Relevant here is the reception of Stephen Jay Gould’s excellent “Wonderful Life” with its overarching point that if you run the tape of life again but with changes – say the KT extinction event doesn’t happen – then humanity doesn’t evolve and nothing else takes its place, and no one invents the radio or the rocket. This conclusion is widely rejected because of convergent evolution, but that argument is a poor one because convergence on humanity shows no signs of happening – nothing is converging on radio-invention in the way that bats and birds and bees have converged on wings. The existence of mankind should not be a bar to convergence on humanity’s attributes: bats did not fail to evolve flight because the birds had staked out that territory. The fallacy is in thinking that “being civilized” is as obvious a good as being able to fly, whereas it may be that we are just oddballs. The claim that no other life form in the universe is going to end up like us is not exceptionalism or a breach of the principle of mediocrity: something can be unique without being interesting or important: here is a random number I have just generated: 604536097648438 – unique but not obviously interesting. And so perhaps are we (except to ourselves). Even if there is multicellular life on every habitable zone planet in the galaxy, it does not follow that all of it or any of it is converging or has or will converge on radio waves and space ships.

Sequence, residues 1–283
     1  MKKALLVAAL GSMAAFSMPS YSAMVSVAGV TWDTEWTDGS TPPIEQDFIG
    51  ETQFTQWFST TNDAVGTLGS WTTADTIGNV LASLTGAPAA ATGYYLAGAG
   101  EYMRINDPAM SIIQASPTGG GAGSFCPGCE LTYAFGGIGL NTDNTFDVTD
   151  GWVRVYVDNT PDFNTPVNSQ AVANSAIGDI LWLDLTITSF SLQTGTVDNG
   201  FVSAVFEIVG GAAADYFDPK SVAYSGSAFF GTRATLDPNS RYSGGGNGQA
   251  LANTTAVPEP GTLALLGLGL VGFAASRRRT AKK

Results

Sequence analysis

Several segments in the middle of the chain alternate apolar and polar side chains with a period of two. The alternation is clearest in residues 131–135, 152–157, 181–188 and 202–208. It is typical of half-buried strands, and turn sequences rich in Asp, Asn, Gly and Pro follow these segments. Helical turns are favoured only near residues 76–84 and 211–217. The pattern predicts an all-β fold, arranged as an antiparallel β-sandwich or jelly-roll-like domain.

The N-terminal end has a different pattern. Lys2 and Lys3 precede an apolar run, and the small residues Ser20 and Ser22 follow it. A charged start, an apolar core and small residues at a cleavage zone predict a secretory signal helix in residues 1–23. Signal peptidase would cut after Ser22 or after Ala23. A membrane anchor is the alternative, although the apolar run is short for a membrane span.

• James Stilwell July 22, 2017, 17:33

      Robert I.
      This post needs to be published in Scientific American…starting on the cover and continuing on page three…It might be risky to assume alien life has the instincts of humanity…better to be safe rather than sorry…that is the point of science fiction…to make the reader aware of surprises beyond the imagination…Of course METI messages are going to be sent to the stars…METI will follow their curiosity…It’s only human…These arguments may be pointless…

    • Ron S. July 22, 2017, 20:17

      “604536097648438 – unique but not obviously interesting:

      Well, its only prime factors are 2 and 302268048824219. Divide by 2 and you have a great big prime number. Nice random pick you have there. Do you do lottery tickets?

      • Robert L July 23, 2017, 16:11

        LOL. I took the number off an internet RNG, with the intention of adding 1 to the result if it came out odd, precisely to avoid interesting primes. Having been put through that filter probably precludes it from being truly random.